Dogs are part of our families and, of course, we would like them to enjoy the same feeling that we enjoy during vacations and car trips. Almost all families with dogs do it anyway, so it wouldn't be a problem if you bring your dog with you.
And what's more, it's more fun to have a four-legged friend with you. Plus, you won't have to worry if your pet is well fed or if he is fine when you leave him at home.
So, have you decided to take your dog on your next road trip? Here's what you need to know.
Should you take your dog?
How is your dog feeling today? Is he sick? injured? Pregnant? Then you shouldn't take your dog for a ride.
If your dog is not trained to ride, especially during road trips, train him first. Not all dogs are naturally riding in the car, so you should put him at ease and secure before trying to travel with him.
Some dogs have motion sickness, are quickly overstimulated, and are physically or emotionally upset. If so, the best option would be to keep it at home first, unless you find a way to manage it.
Also think about your destination. It will be fun from your dog's point of view if he is enjoying a trip to the beach or outdoors whether being locked in a cage or being restrained most of the time.
Visit your dog's veterinarian for a medical exam before traveling. Make sure your dog is up to date with the necessary vaccinations. Ask for a health certificate if you can because some states require that you have a recent health certificate and a rabies vaccination certificate.
Pack the Essentials
When packaging, include a large amount of pet food and other necessities for your dog. Do not plan to stop in stores to pick up supplies or buy their supplies only when you have reached your destination, as they may not have the right brand or supplies for your dog. It is not advisable to present your pet with a new brand of food when traveling. Other necessary pet supplies are:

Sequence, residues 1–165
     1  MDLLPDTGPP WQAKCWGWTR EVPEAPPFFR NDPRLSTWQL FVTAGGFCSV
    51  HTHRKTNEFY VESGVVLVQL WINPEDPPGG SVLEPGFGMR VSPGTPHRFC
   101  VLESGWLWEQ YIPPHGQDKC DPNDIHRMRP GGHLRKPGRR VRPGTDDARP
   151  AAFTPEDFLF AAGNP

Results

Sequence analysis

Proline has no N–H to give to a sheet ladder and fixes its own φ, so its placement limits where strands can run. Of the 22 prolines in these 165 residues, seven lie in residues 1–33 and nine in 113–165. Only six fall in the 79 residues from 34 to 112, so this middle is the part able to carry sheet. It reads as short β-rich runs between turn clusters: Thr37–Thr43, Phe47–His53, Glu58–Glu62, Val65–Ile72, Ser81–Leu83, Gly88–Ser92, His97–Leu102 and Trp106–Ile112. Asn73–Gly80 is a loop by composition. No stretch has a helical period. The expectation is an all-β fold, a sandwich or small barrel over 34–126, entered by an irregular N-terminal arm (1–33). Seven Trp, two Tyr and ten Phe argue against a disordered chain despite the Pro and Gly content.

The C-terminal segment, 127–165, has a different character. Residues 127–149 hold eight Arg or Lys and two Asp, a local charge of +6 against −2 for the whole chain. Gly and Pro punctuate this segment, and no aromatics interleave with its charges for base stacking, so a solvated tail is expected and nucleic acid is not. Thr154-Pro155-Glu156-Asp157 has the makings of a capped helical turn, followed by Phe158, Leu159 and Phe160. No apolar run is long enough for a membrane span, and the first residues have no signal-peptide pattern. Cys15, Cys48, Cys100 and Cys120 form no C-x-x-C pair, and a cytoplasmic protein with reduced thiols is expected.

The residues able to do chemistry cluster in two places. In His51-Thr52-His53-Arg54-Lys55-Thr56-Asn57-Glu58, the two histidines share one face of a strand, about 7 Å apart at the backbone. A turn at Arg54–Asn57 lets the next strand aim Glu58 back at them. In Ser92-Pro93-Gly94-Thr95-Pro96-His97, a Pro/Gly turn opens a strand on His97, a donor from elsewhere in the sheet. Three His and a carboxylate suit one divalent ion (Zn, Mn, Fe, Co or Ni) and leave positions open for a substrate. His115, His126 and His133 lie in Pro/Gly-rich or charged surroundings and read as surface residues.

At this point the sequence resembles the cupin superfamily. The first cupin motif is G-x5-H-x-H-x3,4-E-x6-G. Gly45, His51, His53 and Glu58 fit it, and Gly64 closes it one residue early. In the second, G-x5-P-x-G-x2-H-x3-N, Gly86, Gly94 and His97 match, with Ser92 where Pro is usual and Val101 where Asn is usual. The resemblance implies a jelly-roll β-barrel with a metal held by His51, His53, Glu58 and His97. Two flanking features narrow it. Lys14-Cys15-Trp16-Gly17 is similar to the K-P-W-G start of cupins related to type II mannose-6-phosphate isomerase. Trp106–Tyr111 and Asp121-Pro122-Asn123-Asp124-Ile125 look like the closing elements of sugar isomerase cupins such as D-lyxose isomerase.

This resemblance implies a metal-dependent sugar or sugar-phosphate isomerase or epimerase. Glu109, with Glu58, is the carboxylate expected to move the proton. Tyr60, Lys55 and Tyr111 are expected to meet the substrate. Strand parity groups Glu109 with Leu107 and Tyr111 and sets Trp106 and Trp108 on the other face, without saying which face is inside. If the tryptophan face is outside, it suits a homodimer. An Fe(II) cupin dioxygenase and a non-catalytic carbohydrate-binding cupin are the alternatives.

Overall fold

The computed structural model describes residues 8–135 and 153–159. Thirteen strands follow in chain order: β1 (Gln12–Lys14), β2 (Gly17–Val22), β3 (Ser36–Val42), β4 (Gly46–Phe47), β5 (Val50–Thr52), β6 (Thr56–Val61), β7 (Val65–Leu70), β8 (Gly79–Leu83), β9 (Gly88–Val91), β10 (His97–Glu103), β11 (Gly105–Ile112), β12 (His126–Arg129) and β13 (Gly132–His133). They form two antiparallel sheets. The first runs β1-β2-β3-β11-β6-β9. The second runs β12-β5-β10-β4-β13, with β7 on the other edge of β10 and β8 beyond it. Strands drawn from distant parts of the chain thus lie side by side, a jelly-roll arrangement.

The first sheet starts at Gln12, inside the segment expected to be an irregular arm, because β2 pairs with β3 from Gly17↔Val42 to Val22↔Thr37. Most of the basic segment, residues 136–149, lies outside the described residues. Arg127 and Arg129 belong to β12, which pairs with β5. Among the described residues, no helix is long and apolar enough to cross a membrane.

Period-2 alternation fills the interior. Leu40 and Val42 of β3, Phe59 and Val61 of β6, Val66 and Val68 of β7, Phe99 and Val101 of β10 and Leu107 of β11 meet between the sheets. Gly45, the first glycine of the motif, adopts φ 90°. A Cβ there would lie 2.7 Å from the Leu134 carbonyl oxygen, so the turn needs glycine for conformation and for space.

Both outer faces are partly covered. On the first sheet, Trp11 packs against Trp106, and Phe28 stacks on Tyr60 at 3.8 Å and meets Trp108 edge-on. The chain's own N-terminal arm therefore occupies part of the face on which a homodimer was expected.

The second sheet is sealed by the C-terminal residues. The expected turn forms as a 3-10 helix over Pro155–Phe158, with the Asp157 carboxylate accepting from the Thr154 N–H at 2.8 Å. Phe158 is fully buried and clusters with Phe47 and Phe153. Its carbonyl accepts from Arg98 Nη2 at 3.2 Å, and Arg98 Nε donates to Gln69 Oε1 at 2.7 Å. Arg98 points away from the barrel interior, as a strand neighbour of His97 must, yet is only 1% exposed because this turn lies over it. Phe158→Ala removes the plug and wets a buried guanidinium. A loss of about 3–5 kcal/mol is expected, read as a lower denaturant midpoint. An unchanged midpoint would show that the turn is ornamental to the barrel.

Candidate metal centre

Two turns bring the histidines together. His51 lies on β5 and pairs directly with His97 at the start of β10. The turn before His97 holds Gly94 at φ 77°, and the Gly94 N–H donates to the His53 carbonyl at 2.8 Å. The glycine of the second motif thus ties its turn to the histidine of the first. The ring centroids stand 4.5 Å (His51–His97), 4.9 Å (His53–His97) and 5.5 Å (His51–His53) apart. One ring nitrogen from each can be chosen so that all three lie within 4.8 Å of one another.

Transport bag (for small dogs)
Leash or harness
Pet seat cover
First aid kit
Lavender oil, toys or other things that can calm your pet.
Make sure your pet wears the correct ID in their collar. it can be an identification tag, a collar tag or even a microchip attached to the collar. The animal identification must contain your personal address along with your phone number and other relevant contact information.
When you hit the road
Make sure your pet is securely fastened in your vehicle. Use a harness, pet carrier, or pet gate safely. This protects you and your dog, and prevents any form of distraction while driving.
Never leave your pet alone in the car. In hot weather, the temperature inside the vehicle can rise to 120 degrees Fahrenheit even with the windows slightly open.
Just because you can travel hundreds of miles without resting doesn't mean your pet can. Take frequent pit stops and always schedule frequent breaks for the bathroom and exercise. During pit stops, be sure to provide fresh water to your pet. This keeps them rehydrated, especially during long trips.
Keep food to a minimum during the trip. Feed them with pet food and never give them anything you eat, as this could lead to stomach problems that you would not like to have while driving.